Session Type: Poster Session C
Session Time: 9:00AM-11:00AM
Background/Purpose: Mast cells have been implicated in many immune-inflammatory disorders. They mediate a variety of inflammatory and fibrotic conditions, but their role in sialadenitis in patients with primary Sjögren’s syndrome (pSS) is unclear. We examined whether mast cells play a critical role in the pathogenesis of pSS.
Methods: Labial salivary gland samples were collected from 22 individuals with pSS and 10 with sicca syndrome (controls). Saliva production was evaluated by Saxon’s test. Mast cell density in minor salivary glands was calculated at 400 magnification. The degree of fibrosis in minor labial salivary gland was graded on a quantitative scale as previously reported (Clin Exp Rheumatol.1998;16:63-65). We used immunohistochemistry to identify and quantify tryptase or TGFβ-positive mast cells and vimentin-positive fibroblasts. Fibrous tissue was identified by using EVG stain. Conditioned medium for fibroblast culture was obtained from human mast cell line-1 (HMC-1 )cells stimulated with recombinant human IL-33 and SCF for 24 hours. Fibroblasts were treated with HMC-1 conditioned medium for 24 hours and type I collagen synthesis in fibroblast was evaluated by RT-qPCR. Neutralization antibodies for human TGFβ was utilized during fibroblast culture with HMC-1 conditioned medium or standard culture medium.
Results: We found that the number of mast cells in labial salivary glands of patients with pSS was significantly increased compared to that in control subjects (Figure 1 and Figure 2A). There was a significant negative correlation between the Saxon’s test results and the number of mast cells, suggesting the involvement of mast cells in the decreased salivary secretion (Figure 2B). There was no correlation between the intensity of lymphoid infiltration assessed by focus score and the mast cell density (Figure 2C). In contrast, a significant correlation between the number of mast cells and the degree of fibrosis was observed (Figure 2D). Consistent with these findings, mast cells were proximal to EVG-stained fibrous tissue and vimentin-positive fibroblasts. We hypothesized that mast cells were involved in the development of tissue fibrosis via modulation of fibroblast immune function. Significant up-regulation of Col1a mRNA was observed in fibroblast with HMC-1 conditioned medium as inverse proportion to the degree of dilution compared to that of fibroblast with standard culture medium (Figure 3A). Furthermore, neutralization for TGFβ abolished upregulation of Col1a mRNA in fibroblast in HMC-1 conditioned medium, thus suggesting that HMC-1-derived TGFβ contributes to upregulation of type I collagen synthesis (Figure 3B). Immunohistochemistry revealed that tryptase-positive mast cells exhibited positive signal of TGFβ in serial section.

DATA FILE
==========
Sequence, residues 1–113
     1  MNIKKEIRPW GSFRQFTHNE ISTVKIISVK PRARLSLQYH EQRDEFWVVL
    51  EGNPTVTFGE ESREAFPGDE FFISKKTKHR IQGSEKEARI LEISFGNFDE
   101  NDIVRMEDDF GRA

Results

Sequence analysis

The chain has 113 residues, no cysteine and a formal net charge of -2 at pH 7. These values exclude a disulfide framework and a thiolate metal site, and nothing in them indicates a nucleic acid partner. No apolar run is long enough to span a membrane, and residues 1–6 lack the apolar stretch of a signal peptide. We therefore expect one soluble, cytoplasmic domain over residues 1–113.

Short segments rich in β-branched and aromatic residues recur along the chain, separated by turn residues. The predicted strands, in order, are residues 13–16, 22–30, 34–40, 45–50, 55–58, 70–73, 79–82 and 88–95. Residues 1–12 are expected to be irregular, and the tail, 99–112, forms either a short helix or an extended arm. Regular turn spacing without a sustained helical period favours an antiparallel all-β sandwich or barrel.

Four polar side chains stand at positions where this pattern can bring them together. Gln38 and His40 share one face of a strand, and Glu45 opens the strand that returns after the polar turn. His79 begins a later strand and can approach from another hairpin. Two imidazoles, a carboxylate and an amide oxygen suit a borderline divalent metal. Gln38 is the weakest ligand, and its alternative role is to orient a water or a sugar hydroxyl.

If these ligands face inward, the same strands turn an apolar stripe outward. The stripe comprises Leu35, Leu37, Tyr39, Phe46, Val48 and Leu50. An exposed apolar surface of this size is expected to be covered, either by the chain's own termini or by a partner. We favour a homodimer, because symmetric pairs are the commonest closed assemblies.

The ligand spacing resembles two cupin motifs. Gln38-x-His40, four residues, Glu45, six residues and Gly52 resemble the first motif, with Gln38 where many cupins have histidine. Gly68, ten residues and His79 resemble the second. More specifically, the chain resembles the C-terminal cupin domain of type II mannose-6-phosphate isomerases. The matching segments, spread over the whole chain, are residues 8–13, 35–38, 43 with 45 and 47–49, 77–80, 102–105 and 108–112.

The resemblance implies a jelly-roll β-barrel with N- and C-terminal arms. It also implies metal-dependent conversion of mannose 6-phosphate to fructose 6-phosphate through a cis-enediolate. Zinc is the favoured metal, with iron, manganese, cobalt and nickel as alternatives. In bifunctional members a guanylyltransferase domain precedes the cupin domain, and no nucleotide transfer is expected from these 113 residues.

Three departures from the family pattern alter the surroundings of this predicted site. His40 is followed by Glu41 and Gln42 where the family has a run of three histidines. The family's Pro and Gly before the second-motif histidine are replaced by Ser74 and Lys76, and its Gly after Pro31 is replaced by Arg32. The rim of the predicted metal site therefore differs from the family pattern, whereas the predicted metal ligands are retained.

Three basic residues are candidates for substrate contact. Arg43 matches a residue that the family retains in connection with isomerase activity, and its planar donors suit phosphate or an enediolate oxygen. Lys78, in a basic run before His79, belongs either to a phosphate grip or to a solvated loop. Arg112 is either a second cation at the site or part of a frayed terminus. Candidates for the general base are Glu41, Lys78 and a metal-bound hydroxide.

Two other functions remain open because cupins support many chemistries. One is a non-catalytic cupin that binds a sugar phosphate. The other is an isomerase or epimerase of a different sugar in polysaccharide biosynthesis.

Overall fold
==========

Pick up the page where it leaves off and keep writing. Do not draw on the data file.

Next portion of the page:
Conclusion: These results suggest a novel role for mast cells in the development of sialadenitis in patients with pSS by induction of tissue fibrosis via fibroblast collagen synthesis by TGFβ production.
To cite this abstract in AMA style:Kaieda S, Fujimoto K, Ida H. Mast Cells Contribute to the Development of Sialadenitis Associated with Sjögren’s Syndrome via Inducing Tissue Fibrosis by TGFβ Production [abstract]. Arthritis Rheumatol. 2020; 72 (suppl 10). https://acrabstracts.org/abstract/mast-cells-contribute-to-the-development-of-sialadenitis-associated-with-sjogrens-syndrome-via-inducing-tissue-fibrosis-by-tgf%ce%b2-production/. Accessed September 19, 2021.
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ACR Meeting Abstracts - https://acrabstracts.org/abstract/mast-cells-contribute-to-the-development-of-sialadenitis-associated-with-sjogrens-syndrome-via-inducing-tissue-fibrosis-by-tgf%ce%b2-production/